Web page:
Politics and the abuse of language

By  Dr. Herny Flores, NewsTaco

Don’t you just love languages? They carry the thoughts, feelings and deepest sentiments of a people.  Language describes and defines.  Language expresses philosophies, ideologies and belief systems.  And, in Texas we know how to use language to cover our intent with a veil of words.

Texans’ elaborate use of language was on display this past week when the state Senate passed a law that would allow “properly licensed Texans” to openly carry hand guns in public.

Language and Hand Guns 

What do language and hand guns have in common?  It’s simple – the pseudonym for open carry in Texas is “constitutional carry.”  Yup, you got it.  The advocates for the open carry law – who are also proposing that “properly licensed Texans” be allowed to openly carry guns onto and into college campuses and buildings – are insisting that “properly licensed Texans” have a constitutional right to openly carry hand guns.  Painting open carry as constitutional carry is a nice linguistic shift, but one that hides the real nature of the law.

Have you asked yourself why people have to openly carry a hand gun, particularly in this day of high intensity violence?  For heaven’s sake, just the week before the senate passed open carry there was a biker-gang shoot-out in Waco TX, just a few miles north of the state capitol, that left 9 dead and more than 150 arrested.  I bet sleeping accommodations in the McLennon County jail are at a premium right now.

So, what is behind the open carry law?  Is it for 2nd Amendment advocates to make a point?  Is the law designed to ease the minds of those who fear predatory criminals behind every bush?  Is the law designed to feed the fantasies of every individual who laments the fact that they missed the violent days of the Old West?  Or, is it just a way to organize a group of right-wing crazy voters for future elections?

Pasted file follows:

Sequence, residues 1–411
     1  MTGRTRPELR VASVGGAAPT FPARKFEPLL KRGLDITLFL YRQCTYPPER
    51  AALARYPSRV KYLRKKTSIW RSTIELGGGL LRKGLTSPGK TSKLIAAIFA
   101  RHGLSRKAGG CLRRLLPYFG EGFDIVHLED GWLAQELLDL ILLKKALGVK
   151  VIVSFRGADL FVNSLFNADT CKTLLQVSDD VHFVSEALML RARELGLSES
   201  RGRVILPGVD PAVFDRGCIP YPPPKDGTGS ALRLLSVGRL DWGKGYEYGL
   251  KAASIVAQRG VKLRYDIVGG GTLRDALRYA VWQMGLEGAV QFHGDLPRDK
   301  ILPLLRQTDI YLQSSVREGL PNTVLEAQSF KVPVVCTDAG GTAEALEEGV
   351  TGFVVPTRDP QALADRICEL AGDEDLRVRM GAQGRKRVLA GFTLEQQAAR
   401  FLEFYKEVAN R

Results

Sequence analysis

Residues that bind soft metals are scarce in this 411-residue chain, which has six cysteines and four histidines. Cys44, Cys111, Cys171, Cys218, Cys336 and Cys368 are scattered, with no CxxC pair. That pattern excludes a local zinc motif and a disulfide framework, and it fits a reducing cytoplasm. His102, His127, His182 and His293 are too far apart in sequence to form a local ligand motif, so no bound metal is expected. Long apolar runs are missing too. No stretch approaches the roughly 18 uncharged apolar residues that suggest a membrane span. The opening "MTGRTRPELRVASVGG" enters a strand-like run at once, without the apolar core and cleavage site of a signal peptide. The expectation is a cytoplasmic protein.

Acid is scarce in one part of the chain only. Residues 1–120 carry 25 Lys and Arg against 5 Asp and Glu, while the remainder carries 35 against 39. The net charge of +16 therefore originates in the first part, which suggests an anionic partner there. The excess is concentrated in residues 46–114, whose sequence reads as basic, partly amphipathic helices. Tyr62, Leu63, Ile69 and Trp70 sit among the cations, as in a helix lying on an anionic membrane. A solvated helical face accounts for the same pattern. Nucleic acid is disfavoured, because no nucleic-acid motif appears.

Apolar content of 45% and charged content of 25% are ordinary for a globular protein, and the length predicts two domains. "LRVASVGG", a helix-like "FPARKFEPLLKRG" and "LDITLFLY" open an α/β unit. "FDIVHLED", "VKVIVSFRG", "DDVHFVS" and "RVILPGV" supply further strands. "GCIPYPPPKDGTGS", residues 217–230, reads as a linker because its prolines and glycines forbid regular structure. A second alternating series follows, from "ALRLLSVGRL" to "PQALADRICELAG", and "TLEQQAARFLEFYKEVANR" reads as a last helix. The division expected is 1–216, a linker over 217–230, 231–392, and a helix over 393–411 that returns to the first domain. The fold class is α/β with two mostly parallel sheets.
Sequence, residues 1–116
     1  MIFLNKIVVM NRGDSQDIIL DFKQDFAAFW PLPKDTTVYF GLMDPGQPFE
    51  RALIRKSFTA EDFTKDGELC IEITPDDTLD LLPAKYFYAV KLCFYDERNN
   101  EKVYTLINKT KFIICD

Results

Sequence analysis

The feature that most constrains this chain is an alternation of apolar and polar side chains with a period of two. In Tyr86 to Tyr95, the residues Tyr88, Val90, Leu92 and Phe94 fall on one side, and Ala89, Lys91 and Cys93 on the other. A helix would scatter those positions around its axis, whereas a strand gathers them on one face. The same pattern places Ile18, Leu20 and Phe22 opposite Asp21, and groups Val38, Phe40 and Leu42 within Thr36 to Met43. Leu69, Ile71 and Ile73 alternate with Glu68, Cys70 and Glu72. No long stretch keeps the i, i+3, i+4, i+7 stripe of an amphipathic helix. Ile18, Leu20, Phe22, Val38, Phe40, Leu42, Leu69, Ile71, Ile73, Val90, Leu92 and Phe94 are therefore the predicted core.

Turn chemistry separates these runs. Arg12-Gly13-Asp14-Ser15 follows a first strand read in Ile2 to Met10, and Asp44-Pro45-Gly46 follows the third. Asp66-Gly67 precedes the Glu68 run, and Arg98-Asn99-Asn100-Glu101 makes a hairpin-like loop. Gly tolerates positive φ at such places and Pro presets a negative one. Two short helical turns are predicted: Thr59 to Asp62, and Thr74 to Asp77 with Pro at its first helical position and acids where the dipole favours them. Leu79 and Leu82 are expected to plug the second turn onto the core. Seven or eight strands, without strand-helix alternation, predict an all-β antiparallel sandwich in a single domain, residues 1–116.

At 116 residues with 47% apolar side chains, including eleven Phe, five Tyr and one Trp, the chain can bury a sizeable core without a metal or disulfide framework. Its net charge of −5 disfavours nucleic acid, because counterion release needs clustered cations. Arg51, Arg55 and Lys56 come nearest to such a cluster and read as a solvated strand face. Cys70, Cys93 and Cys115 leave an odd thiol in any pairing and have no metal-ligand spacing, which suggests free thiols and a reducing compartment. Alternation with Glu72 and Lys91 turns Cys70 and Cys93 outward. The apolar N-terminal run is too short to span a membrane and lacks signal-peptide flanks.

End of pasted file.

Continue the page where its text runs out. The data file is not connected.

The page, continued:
Language and Voting Rights 

 When the state assembly approved the Voter Identification and Verification Bill they did so to “protect the integrity and security of the ballot.”  The original intention, which was changed after a great number of accusations of racism, was to prevent illegal immigrants from coming across the border in large waves to cast fraudulent ballots, thus weakening the vote of legal Texas citizens.

Really? Really?!?  As if waves of brown people would come flooding across the border for every one of our elections that number in the double digits annually?  Does this mean that in every village in Mexico the people are diligently watching our election coverage and determining which candidates to support and then crossing the borders by the thousands and voting for their favorite candidate?  What do they do then?  Cross back over the border in large “brown waves” waiting with baited breath for the next school district election they can influence?  I wonder what kind of accommodations they require when having to hang around for the run-offs.

Language, Fear and Ideology 

What is really going on in these two policy areas and in the fight over public health, education, and the equal delivery of other public services in Texas?  It’s that “properly licensed and identified Texans” are afraid of losing control of their government to Latinos.  Constitutional carry is just one way of giving “properly licensed Texans” the right to go about society to intimidate law abiding folks.  Properly identified voters is a way of suppressing the votes of Latinos and other underrepresented groups from influencing the policy process.  Frankly, the language used in these two policy areas are hiding much more than what we are led to believe.


Henry Flores, PhD, is the Distinguished University Research Professor, Institute of Public Administration and Public Service; Director, Masters in Public Administration (MPA); Professor of International Relations and Political Science at St. Mary’s University. He is the author of Latinos and the Vorting Rights Act: The Search for Racial Purpose.

henry_flores_book Latinos and the Voting Rights Act: The Search for Racial Purpose.



[Photo by Wally Gobetz/Flickr]
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